DIYARBAKIR/ISTANBUL, Turkey (Reuters) - Two Turkish policemen and seven Islamic State militants were killed in a firefight after police raided more than a dozen houses in Turkey’s southeast early on Monday, security sources and government spokesman Numan Kurtulmus said on Monday.
The clash took place in the Kayapinar district of the mainly Kurdish city of Diyarbakir. It was the first such shoot-out between Turkish security forces and suspected Islamic State militants in an inner city; previous confrontations have taken place on the Turkish-Syrian border.
Five police officers were wounded while 12 militants were captured alive, Kurtulmus said.
“An important Islamic State cell has been neutralized,” he told reporters. “Work to identify (militants) and to uncover their connections in other cities is still under way.”
Blood stained floors of two neighboring apartments that police said militants used to store weapons. Holes from bullets and explosives marred the walls, according to a Reuters witness. Clothing and shoes were strewn about.
Police said the militants had booby-trapped the dwelling with explosives and smoke continued to rise from smoldering piles after the raid.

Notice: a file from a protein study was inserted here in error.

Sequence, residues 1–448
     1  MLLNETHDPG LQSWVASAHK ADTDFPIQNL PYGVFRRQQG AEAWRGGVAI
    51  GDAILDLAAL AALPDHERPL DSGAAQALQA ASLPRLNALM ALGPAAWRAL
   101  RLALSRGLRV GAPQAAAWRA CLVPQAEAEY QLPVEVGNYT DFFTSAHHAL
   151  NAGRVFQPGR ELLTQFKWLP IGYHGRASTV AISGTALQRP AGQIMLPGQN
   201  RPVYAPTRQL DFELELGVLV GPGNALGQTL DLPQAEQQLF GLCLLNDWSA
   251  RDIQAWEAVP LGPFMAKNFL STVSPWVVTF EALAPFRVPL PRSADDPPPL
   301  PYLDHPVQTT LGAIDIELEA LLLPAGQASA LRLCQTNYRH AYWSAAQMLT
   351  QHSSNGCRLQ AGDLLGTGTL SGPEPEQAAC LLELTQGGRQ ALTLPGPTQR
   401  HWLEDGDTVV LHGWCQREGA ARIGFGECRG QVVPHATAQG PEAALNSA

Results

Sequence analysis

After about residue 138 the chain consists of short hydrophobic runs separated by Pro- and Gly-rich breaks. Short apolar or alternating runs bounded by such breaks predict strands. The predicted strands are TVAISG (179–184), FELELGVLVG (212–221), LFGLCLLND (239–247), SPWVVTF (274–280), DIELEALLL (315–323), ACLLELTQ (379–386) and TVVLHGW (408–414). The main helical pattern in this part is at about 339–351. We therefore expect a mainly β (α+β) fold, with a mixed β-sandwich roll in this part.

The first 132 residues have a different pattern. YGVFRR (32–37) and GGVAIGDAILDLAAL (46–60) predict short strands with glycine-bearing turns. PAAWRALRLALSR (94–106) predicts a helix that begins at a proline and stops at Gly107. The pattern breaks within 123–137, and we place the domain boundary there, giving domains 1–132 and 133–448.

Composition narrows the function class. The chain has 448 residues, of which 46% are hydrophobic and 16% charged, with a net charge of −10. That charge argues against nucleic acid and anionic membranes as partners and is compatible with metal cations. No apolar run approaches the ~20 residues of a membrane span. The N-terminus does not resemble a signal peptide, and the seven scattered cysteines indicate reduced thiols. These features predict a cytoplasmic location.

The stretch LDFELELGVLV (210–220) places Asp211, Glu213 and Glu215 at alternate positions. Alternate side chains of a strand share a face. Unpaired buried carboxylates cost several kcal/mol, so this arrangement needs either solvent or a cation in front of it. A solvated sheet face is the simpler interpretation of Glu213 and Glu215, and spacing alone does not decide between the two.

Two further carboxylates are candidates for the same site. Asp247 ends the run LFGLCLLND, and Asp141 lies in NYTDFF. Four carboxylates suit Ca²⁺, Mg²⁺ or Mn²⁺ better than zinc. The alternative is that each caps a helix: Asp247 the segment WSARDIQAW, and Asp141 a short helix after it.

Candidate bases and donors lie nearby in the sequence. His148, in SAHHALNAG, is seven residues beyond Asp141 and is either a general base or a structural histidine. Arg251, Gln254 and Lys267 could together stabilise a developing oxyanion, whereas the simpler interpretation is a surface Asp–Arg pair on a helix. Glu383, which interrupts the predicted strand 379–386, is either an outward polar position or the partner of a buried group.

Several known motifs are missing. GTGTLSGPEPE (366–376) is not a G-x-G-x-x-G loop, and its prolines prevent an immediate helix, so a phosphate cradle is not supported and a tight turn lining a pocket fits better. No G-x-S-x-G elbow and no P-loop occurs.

The raid on the two apartments was among 17 simultaneous operations launched against Islamic State groups on Monday, the Diyarbakir governor’s office said in a statement.
Turkish authorities have extended operations into suspected Islamic State cells after a double suicide bombing in Ankara that killed more than 100 people, the worst attack of its kind in Turkey’s modern history, was blamed on the militant group.
Last week, President Tayyip Erdogan said Syrian intelligence and Kurdish militants, not only Islamic State, were behind the attack on a rally of pro-Kurdish activists and civic groups.
Erdogan said Kurdistan Workers’ Party (PKK) militants, Syrian secret police and the Syrian Kurdish PYD militia had worked together with Islamic State in the bombing on Oct. 10.
Reporting by Seyhmus Cakan and Can Sezer; Writing by Ece Toksabay, Humeyra Pamuk and Ayla Jean Yackley; Editing by Richard Balmforth